I got a time machine here you guys could borrow.


Don't need it. I'm on the farm at the moment and been getting reacquainted for the past 2 weeks! ;-)

And it sure feels good! :mrgreen:

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Postby nakatago » Sat, 23 Oct 2010 10:48 am

Ok, Doc Brown. I'll just take the DeLorean for a spin...

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Postby pakjohn » Sat, 23 Oct 2010 3:19 pm

Don't need it. I'm on the farm at the moment and been getting reacquainted for the past 2 weeks!

And it sure feels good!


Whoa! You're stateside? Were you home when that n'easter blew through last week? We were in the Adirondacks at Lake Placid and cut our vacation short to miss it.



Also, if anyone knows of any trademen that can teach any of the above, in return for free weekend labour, I'm also interested to hear.


I like the intern route, especially if you choose a small local outfit that will benefit from free labor. They don't often teach tricks of the trade in textbooks!
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Postby Strong Eagle » Sat, 23 Oct 2010 10:47 pm

pakjohn wrote:I like the intern route, especially if you choose a small local outfit that will benefit from free labor. They don't often teach tricks of the trade in textbooks!


Like what?

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Postby sundaymorningstaple » Sat, 23 Oct 2010 11:06 pm

pakjohn wrote:
Don't need it. I'm on the farm at the moment and been getting reacquainted for the past 2 weeks!

And it sure feels good!


Whoa! You're stateside? Were you home when that n'easter blew through last week? We were in the Adirondacks at Lake Placid and cut our vacation short to miss it.



We only had a little bit of the fringe of it, not enough to make a difference, I missed the big one of last month by about a week, it flooded the farm but the water only got into one outbuilding a couple of inches, the rest it just came up to the top doorsteps! We weren't so lucky when Isabelle went through several years ago.

Being on the Eastern Shore of Md. Chesapeake Bay we are a bit further south. We are "usually" spared from the major winter storms. (Unless they come up from the south).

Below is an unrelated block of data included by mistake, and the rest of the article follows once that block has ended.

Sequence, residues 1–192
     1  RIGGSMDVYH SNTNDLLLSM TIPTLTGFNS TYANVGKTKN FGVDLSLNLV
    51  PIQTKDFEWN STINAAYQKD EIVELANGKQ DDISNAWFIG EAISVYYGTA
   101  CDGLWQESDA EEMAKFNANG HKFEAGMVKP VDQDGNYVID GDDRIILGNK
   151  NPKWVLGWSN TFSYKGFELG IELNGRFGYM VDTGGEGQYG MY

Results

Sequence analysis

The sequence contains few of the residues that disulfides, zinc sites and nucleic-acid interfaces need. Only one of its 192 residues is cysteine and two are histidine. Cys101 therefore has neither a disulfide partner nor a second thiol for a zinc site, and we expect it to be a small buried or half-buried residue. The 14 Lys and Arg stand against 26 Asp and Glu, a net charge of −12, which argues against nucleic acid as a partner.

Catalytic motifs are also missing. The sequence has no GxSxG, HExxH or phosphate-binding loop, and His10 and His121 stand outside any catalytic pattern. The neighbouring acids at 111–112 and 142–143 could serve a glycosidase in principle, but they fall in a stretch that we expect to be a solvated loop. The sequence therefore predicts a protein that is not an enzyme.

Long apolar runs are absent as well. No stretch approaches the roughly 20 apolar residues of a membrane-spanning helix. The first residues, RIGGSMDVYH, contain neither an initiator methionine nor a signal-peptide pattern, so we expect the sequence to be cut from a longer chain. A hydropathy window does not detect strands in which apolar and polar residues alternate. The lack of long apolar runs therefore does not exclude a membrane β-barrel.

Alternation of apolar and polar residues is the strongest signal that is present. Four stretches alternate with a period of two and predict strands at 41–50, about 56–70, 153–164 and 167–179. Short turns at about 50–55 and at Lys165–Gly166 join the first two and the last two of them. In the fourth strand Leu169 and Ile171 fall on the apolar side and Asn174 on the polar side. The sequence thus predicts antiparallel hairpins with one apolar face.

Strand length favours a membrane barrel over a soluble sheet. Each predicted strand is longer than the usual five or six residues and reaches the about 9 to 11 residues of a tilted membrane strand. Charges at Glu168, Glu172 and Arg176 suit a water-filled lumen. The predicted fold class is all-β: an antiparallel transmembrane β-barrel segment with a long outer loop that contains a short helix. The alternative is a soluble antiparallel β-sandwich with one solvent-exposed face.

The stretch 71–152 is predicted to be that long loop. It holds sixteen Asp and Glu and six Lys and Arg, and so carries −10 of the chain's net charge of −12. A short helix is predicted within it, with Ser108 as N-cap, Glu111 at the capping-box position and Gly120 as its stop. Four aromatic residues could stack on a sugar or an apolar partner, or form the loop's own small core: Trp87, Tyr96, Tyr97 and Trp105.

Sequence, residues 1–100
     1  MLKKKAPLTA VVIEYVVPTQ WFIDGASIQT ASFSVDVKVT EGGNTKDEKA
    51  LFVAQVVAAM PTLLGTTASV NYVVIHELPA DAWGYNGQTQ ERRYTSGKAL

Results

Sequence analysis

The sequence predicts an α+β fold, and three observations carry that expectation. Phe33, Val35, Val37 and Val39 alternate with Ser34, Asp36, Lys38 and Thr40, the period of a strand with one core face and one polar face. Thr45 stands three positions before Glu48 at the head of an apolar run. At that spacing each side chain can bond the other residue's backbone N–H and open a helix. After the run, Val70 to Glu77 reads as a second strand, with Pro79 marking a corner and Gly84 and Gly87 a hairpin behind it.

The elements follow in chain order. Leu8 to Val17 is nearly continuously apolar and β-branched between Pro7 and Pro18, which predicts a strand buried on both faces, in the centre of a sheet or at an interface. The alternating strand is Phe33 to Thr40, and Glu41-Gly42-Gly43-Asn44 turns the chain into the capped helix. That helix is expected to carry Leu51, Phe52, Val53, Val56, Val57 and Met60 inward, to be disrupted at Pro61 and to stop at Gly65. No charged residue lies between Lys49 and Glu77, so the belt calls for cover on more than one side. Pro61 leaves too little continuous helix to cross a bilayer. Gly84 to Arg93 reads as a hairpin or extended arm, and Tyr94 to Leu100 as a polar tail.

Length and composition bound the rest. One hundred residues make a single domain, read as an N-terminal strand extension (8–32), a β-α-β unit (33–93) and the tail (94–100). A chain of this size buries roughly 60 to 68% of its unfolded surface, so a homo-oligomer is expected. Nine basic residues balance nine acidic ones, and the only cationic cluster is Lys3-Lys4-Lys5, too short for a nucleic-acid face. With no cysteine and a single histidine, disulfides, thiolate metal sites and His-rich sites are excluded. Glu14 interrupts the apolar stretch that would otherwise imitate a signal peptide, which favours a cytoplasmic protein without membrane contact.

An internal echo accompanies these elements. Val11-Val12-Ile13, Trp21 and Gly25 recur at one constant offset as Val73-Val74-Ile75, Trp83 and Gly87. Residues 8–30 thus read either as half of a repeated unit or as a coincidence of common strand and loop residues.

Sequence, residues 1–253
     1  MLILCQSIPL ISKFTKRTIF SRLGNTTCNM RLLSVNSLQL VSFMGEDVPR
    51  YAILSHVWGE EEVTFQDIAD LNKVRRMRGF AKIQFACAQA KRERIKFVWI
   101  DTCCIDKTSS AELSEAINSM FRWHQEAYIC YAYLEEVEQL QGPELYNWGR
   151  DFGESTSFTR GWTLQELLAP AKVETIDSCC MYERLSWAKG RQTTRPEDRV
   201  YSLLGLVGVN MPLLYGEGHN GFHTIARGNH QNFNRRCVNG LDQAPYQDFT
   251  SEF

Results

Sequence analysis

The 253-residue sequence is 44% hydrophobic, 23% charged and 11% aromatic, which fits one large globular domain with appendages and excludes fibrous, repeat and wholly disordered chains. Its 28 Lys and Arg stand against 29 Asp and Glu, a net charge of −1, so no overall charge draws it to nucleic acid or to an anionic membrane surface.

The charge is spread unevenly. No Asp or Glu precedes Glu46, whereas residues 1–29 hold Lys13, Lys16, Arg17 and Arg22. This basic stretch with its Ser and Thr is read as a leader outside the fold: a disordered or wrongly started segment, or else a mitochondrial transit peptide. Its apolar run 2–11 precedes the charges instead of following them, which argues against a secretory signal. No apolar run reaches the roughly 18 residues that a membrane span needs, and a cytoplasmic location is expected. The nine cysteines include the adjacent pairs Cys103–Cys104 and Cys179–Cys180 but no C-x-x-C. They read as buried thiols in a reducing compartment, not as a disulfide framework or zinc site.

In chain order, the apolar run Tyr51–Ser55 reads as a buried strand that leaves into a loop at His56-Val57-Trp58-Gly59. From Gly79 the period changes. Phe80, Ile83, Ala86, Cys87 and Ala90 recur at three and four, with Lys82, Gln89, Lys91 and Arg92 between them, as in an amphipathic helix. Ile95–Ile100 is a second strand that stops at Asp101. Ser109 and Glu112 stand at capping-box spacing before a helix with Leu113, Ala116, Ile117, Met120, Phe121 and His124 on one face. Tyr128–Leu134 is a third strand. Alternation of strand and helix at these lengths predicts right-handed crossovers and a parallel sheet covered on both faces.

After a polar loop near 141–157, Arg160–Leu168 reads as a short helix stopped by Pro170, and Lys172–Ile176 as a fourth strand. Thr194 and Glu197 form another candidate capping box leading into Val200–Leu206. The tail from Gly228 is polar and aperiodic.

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Postby pakjohn » Sun, 24 Oct 2010 7:43 am

Like what?


SE, I'm assuming you mean what things he can learn from a craftsman that aren't often in books? Like what tools to buy and which to make, shortcuts to save materials and time, ways to quickly estimate material needs. How to organize the work, where to buy materials, how to navigate permits if it's a building trade. It's not terribly hard to lay hardwood flooring or ceramic tile, but it
sure makes it easier if you work with someone that understands how to lay out an uneven floor or irregular shaped room for wood or tile. I've built 2 homes and a number of outbuildings, the first one took forever but it taught me what questions to ask. I learned shortcuts like building all my door and window opening headers and cripples in advance, when to order material, who to ask for at the permit office, when to ask for draws on construction loans and so much more. I dried in my seond home on a long week with myself and 2 helpers using what I learned the hard way on my first home and more importantly what I learned working on the side for a home builder.

Being on the Eastern Shore of Md. Chesapeake Bay we are a bit further south. We are "usually" spared from the major winter storms. (Unless they come up from the south).


SMS
We're going to be in Dover, Delaware for Thanksgiving. That's just across the bay isn't it?
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Postby sundaymorningstaple » Sun, 24 Oct 2010 8:17 am

PJ,

Dover is only 45 miles from the farm. Have spent a lot of time in Dover over the years. My deceased BiL lived in Dover around the time we enlisted in the Army back in '68. It's about 1/3rd the way down the DelMarVa peninsula.

Beautiful day today, up around 68 and clear as a bell. Calling for good weather/temps till Thursday but I'll be taking off for Singapore on Wed morning.